Because ivermectin may also have some anti-inflammatory effects, it wasn’t unreasonable to wonder if it might work against Covid – where the body’s inflammatory immune overreaction to the virus causes some of the worst damage. Initially promising tests in animals have led to ivermectin being administered as a prophylactic with indiscriminate optimism in some countries. But a careful study in Colombia showed no discernible efficacy. Another trial in Spain showed that the drug might reduce the viral load in Covid patients and perhaps also some of the symptoms, such as coughing. But although that small pilot study suggests we needn’t give up on ivermectin quite yet, there seems little prospect that it is the quasi-cure some had hoped for.
Ivermectin’s wide-ranging antiparasitic action resembles the all-purpose character of antibiotics such as penicillin – at least in the days before pathogenic bacteria developed “superbug” resistance. Such versatility doesn’t amount to a panacea, but shows that it is possible for a single drug to hit multiple targets. There are drawbacks though: antibiotics are indiscriminate, so our gut bacteria take the hit too. Similarly, anti-cancer agents tend to be indiscriminate cell killers, and the challenge is to give them the “magic bullet” specificity that hits the right target (the tumour) without too much collateral damage.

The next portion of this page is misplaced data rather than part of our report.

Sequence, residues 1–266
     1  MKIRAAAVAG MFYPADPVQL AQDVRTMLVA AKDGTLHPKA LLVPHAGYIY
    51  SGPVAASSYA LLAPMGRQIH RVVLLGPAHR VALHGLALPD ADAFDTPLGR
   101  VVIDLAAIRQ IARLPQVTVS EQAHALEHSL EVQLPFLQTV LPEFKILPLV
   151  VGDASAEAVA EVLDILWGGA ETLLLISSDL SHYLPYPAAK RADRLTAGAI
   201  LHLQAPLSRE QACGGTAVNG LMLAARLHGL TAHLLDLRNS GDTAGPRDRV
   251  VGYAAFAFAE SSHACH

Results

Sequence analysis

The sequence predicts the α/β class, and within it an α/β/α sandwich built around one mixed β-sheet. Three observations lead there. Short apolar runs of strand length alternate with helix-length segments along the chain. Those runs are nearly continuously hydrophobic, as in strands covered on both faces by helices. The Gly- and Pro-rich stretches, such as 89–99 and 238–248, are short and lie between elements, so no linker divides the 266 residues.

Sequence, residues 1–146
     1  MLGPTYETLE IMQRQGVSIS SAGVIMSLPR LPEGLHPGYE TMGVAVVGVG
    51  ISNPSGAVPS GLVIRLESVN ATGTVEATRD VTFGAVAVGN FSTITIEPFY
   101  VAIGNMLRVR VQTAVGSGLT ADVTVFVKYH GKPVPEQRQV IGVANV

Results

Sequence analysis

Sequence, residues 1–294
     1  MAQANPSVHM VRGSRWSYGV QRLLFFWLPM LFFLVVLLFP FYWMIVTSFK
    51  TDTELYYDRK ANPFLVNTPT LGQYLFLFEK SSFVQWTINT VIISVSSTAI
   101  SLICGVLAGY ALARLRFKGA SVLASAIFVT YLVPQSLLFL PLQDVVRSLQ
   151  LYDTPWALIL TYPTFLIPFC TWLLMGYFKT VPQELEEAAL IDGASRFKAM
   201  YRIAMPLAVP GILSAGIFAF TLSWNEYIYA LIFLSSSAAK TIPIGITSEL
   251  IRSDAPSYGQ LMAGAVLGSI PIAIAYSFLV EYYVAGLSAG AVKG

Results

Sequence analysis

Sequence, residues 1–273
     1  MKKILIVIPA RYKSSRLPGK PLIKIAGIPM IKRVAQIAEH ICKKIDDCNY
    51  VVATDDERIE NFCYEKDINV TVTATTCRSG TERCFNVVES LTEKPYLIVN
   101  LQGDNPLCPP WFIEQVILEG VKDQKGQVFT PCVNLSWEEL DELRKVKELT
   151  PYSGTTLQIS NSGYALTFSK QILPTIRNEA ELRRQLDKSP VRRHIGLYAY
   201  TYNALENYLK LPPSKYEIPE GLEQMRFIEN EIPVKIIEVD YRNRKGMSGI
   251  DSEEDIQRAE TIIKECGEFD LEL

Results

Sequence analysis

The simple truth is the one advocated by physicians who challenged theriac panaceas back in the Renaissance: most diseases tend to demand specific medicines. That’s really the whole basis of vaccines, for instance: they allow the immune system to develop defences against specific pathogens by presenting it in advance with some innocuous form of the rogue agent. There’s hope that the Covid-19 vaccines can be retooled to make them effective against all variants likely to arise in the future, but it’s doubtful that any single vaccine could protect against all coronaviruses (such as Sars and Mers), let alone all viruses.
Antivirals are another matter. As with Covid, often the problems that pathogenic viruses cause operate through the immune system itself, whether these are through the “cytokine storm” of Covid-19, in which an overreacting response causes tissue damage in the lungs and other tissues, or the damage that HIV inflicts on immune cells, leaving the body vulnerable to secondary infections.
If there’s anything remotely akin to a modern-day panacea, it would be a better understanding of our immune system – probably the most complex aspect of the human body after the brain – and a corresponding ability to intervene in it. Even some cancers are treatable that way. What this suggests is that while there aren’t universal medicines out there in the world, for new global health solutions we might be advised to seek within.
Philip Ball is a science writer. His latest book is The Modern Myths: Adventures in the Machinery of the Popular Imagination